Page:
Italian Democratic Socialists
|Italian Democratic Socialists
Socialisti Democratici Italiani
|Founded||10 May 1998|
|Dissolved||5 October 2007|
|Merger of||Italian Socialists, Italian Democratic Socialist Party, minor parties|
|Merged into||Italian Socialist Party (2007)|
|International affiliation||Socialist International|
|European affiliation||Party of European Socialists|
|European Parliament group||Party of European Socialists|
The Italian Democratic Socialists (Socialisti Democratici Italiani, SDI) were a small social-democratic political party in Italy. Led by Enrico Boselli, the party was the direct continuation of the Italian Socialists, the legal successor of the historical Italian Socialist Party (PSI). On 5 October 2007 the SDI merged with other descendants of the PSI to form the modern-day Italian Socialist Party.
The SDI was founded in 1998 by the merger of the Italian Socialists (Enrico Boselli, Roberto Villetti and Ottaviano Del Turco), the Italian Democratic Socialist Party (Gian Franco Schietroma and Giorgio Carta), a portion of the Labour Federation, a portion of the Socialist Party (Ugo Intini) and the Socialist League (Claudio Martelli and Bobo Craxi).
In its first appearance on the national stage, the 1999 European Parliament election, the SDI won 2.2% of the votes and two MEPs. For the 2001 general election the party formed an unusual alliance with the Federation of the Greens (the so-called Sunflower, that was disbanded soon after the election, due to political divergences and ultimately to the disappointing result they had together: 2.2% of the vote, while the combined result of the two parties in 1999 was 4.0%. In the 2004 European Parliament election, two SDI Member of the European Parliament were elected on the The Olive Tree ticket. In 2000, the SDI was originally touted for inclusion in the Democracy is Freedom – The Daisy electoral list, but was rejected by the Christian-inspired parties of the alliance.
The Rose in the Fist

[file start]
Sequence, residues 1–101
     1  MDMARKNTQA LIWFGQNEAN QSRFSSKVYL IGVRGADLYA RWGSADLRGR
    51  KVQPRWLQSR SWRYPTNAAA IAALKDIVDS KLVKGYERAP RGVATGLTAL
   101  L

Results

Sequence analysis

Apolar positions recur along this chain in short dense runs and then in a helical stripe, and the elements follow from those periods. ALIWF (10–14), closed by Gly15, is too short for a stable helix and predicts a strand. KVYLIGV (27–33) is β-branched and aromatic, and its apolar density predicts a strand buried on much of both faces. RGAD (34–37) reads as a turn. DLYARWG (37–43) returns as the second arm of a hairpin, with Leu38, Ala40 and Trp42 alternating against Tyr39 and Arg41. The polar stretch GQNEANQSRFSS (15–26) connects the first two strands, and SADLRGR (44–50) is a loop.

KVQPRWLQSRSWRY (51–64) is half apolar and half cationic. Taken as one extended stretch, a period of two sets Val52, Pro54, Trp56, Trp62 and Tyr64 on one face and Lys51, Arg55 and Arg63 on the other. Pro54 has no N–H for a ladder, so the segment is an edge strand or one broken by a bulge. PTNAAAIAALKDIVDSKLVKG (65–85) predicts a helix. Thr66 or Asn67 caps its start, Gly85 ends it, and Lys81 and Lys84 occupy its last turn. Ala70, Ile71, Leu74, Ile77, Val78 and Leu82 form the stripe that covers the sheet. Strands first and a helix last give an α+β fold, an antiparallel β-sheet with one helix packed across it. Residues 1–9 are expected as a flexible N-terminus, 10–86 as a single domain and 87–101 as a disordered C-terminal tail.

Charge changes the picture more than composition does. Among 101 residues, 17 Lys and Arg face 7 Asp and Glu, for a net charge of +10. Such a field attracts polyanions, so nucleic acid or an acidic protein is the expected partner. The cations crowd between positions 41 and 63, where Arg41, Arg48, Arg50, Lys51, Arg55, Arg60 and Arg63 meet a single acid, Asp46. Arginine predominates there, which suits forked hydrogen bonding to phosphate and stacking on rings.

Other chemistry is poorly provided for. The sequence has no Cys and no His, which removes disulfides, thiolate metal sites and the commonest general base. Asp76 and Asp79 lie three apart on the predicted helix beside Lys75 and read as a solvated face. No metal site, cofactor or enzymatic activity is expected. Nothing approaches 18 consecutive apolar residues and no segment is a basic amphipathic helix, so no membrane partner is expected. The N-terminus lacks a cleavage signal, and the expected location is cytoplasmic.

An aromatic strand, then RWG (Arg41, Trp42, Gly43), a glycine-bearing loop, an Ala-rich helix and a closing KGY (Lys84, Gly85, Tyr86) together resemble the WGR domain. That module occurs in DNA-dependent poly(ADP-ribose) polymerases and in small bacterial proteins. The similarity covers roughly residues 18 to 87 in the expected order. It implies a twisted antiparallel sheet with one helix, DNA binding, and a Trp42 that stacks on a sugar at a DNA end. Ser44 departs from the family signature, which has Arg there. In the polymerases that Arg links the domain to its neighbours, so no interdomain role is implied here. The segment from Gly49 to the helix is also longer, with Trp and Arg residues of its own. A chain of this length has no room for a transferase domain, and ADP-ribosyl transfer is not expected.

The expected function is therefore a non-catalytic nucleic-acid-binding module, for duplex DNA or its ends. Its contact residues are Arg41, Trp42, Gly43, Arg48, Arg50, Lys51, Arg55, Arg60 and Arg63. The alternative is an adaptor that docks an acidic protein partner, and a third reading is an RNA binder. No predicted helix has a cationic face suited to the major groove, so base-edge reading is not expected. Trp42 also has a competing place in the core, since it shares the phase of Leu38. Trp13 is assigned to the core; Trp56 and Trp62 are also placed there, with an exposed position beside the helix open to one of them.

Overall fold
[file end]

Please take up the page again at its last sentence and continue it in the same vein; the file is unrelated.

In 2001 Claudio Martelli and Bobo Craxi left the party in order to form with Gianni De Michelis the New Italian Socialist Party (NPSI), that joined the centre-right House of Freedoms coalition, while Giorgio Carta left in 2004 to re-found the Italian Democratic Socialist Party.
In 2005 SDI entered in alliance with the Italian Radicals, a libertarian party, forming the Rose in the Fist (RnP) electoral list. In 2006 Socialist Unity of Claudio Signorile joined the SDI, while some members of NPSI, as Donato Robilotta, founded the Reformist Socialists and joined directly the Rose in the Fist.
In the 2006 general election the RnP list won only 2.6% of the vote, much less than the combination of the two parties before the alliance (Radicals alone took 2.3% in the 2004 European Parliament election), as the Radicals lost voters in their strongholds in the North to Forza Italia, while the Socialists lost ground in the South to the The Olive Tree parties (see electoral results of the Rose in the Fist).
The Socialist Party
In April 2007, during a party convention, Enrico Boselli launched the proposal of a "Socialist Constituent Assembly", open to all the Italian social-democrats and especially to the remnants of the old PSI, while Ottaviano Del Turco supported the entry of the SDI in the Democratic Party (PD). Boselli was re-elected secretary of the party with 784 votes out of 787 and only 3 abstentions.
In May 2007 Del Turco and his supporters left the SDI and formed the Reformist Alliance, as their political vehicle in order to join the PD. In the meantime several groups, including a large portion of the New Italian Socialist Party, The Italian Socialists, Democracy and Socialism and the Association for the Rose in the Fist, decided to join forces with the SDI. This is what happened on 5 October 2007, when they were merged into a united Socialist Party, renamed the Italian Socialist Party on 7 October 2009 to recall the historical party of the same name.
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- James Newell (16 May 2003). The Italian General Election of 2001: Berlusconi's Victory. Manchester University Press. pp. 82–. ISBN 978-0-7190-6100-4. Retrieved 24 August 2012.